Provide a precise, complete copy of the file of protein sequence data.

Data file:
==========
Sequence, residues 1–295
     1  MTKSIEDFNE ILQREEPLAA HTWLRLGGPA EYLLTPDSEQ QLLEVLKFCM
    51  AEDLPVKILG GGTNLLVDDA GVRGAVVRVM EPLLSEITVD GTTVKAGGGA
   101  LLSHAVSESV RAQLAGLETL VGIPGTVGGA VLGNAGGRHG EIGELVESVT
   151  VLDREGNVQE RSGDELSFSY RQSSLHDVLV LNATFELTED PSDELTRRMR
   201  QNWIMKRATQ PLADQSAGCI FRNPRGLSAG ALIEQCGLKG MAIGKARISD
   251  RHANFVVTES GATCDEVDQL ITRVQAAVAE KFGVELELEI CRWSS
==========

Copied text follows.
Sequence, residues 1–295
     1  MTKSIEDFNE ILQREEPLAA HTWLRLGGPA EYLLTPDSEQ QLLEVLKFCM
    51  AEDLPVKILG GGTNLLVDDA GVRGAVVRVM EPLLSEITVD GTTVKAGGGA
   101  LLSHAVSESV RAQLAGLETL VGIPGTVGGA VLGNAGGRHG EIGELVESVT
   151  VLDREGNVQE RSGDELSFSY RQSSLHDVLV LNATFELTED PSDELTRRMR
   201  QNWIMKRATQ PLADQSAGCI FRNPRGLSAG ALIEQCGLKG MAIGKARISD
   251  RHANFVVTES GATCDEVDQL ITRVQAAVAE KFGVELELEI CRWSS